Need a quick snapshot of your finances? Let me show you how to create a Family Balance Sheet.
I’m a firm believer that finances must be organized and neat, and a Family Balance Sheet helps you keep track of your finances in one tidy spreadsheet. If it’s updated regularly, you will always know how much you OWE and how much you OWN.
You’ll know how much is in your checking and savings accounts and your retirement accounts. You’ll also know how much liabilities you have in the form of loans and mortgage(s).
Knowing all of these numbers doesn’t mean that there won’t be messiness with your money. Debts still need to be paid, cars will need new parts, homes will need to be repaired, and kids will need braces.
However, knowing your numbers will help you determine and make a plan for the messiness.
My mission is to help families increase their assets, reduce their liabilities, and grow their net worth.
The History of my Family Balance Sheet:
I created my very first Family Balance Sheet many years ago to give my husband a snapshot of our household and business finances.
My husband’s brain likes to see everything written down on one page, so I developed that first spreadsheet to list all of our accounts and all of our debts. Having everything on one page made our money discussions much easier.
My Excel spreadsheet listed our short-term and long-term account balances, our debts, and our short-term and long-term financial goals. It showed him what we OWE and what we OWN.
There was a time our spreadsheet reflected a lot of debt and not a lot of savings. But as we worked our way through our Debt Freedom Plan, we watched our debts fall and our net worth climb.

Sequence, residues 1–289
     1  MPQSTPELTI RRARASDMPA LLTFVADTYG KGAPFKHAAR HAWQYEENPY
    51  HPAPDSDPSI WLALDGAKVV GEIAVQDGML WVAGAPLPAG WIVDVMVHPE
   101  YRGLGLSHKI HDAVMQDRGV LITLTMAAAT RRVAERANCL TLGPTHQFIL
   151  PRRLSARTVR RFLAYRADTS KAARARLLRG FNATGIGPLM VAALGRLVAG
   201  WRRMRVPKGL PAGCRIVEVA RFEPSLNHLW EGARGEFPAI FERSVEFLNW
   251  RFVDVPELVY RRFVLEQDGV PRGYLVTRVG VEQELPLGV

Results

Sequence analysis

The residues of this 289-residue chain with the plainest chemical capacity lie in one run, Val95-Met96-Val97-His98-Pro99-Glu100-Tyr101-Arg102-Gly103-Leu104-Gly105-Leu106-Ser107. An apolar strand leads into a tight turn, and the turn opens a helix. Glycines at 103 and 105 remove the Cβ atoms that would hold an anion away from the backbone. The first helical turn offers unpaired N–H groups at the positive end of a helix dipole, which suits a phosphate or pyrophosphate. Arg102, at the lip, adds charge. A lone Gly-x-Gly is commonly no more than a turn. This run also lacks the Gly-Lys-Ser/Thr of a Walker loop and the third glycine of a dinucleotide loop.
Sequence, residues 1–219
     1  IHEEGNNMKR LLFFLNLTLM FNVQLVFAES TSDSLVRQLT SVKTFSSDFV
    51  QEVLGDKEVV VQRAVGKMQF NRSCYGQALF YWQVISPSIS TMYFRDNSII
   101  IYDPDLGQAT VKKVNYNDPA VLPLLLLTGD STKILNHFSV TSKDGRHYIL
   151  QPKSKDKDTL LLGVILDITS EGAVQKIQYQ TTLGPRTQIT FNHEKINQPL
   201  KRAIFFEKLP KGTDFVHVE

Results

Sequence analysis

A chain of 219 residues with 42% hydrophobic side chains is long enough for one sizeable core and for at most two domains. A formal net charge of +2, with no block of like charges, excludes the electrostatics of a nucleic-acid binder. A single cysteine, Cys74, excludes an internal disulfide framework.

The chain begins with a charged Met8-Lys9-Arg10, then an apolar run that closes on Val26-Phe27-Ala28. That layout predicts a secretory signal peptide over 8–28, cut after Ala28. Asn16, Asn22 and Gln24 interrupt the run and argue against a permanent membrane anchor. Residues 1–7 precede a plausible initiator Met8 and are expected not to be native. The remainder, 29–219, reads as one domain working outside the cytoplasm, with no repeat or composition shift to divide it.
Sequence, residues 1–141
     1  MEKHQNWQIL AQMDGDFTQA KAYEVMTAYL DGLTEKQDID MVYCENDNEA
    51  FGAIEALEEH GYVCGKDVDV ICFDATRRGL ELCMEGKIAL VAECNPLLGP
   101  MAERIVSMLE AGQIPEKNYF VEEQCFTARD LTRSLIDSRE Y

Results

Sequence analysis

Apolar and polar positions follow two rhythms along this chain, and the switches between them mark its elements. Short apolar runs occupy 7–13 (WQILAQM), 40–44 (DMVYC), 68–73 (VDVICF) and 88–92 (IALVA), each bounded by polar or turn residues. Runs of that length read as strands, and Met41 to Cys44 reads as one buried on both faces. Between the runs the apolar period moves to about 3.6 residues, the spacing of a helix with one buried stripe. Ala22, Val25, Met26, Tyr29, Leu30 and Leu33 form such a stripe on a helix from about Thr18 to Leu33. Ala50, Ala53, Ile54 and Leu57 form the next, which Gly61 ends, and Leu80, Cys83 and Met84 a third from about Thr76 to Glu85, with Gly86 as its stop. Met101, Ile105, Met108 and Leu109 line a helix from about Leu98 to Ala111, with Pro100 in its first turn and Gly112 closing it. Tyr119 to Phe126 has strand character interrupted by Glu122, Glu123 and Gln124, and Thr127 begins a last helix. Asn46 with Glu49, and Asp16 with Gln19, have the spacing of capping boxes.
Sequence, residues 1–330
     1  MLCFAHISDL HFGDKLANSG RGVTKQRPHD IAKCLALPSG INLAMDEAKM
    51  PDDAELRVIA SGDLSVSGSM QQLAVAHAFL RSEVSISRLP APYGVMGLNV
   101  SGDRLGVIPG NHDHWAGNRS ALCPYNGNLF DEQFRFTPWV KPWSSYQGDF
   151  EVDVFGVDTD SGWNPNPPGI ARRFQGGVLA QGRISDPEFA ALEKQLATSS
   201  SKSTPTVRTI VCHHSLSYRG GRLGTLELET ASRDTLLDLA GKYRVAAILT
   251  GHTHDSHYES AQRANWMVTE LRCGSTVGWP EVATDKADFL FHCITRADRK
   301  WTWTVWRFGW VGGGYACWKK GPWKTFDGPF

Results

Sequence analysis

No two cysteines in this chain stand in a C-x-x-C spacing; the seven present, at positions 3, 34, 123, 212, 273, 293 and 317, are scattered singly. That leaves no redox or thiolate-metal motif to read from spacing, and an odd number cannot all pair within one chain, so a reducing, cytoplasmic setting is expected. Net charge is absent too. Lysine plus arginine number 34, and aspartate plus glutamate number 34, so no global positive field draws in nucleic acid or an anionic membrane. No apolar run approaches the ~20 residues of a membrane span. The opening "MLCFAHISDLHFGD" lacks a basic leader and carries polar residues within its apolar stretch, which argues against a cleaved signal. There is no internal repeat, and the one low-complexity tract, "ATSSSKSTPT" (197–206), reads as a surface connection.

I STILL use our spreadsheet today. I refer to it weekly as I update loan and account balances, and still review it with my husband monthly or bi-monthly.
Create your own Family Balance Sheet:
I offer a spreadsheet free to email subscribers. If you’re interested, keep reading and you’ll see a sign-up box at the bottom of this post.
The spreadsheet is split between Assets and Liabilities:
Assets are resources that you OWN.
This section is broken into Short Term (Cash) Accounts, Long Term Accounts, and tangible assets/property values.
- Short-term accounts could be checking, cash savings accounts, health savings accounts, and emergency savings.
- Long-term accounts could be retirement accounts, savings for long-term purchases, like a home or your next vehicle, and college savings. There is a place to put a target balance for your retirement accounts, but if this is too overwhelming, enter your target balance for the year.
- Tangible Assets would be the VALUE of your home. In the past, I did not include space for this information, but after being in our home for almost 20 years, we have built up quite a bit of equity. (Value of your home if you were to sell it – outstanding debt on your home = Equity) When determining your property value, consider what price you could sell your home for today–NOT the price that you’d like to sell it for. What is a reasonable price you believe you could get for your home? To find the value of our home, I looked at what comparable homes in my neighborhood recently sold for. You could also use a recent appraisal. Personally, I don’t include the value of vehicles or other non-appreciating assets in this category.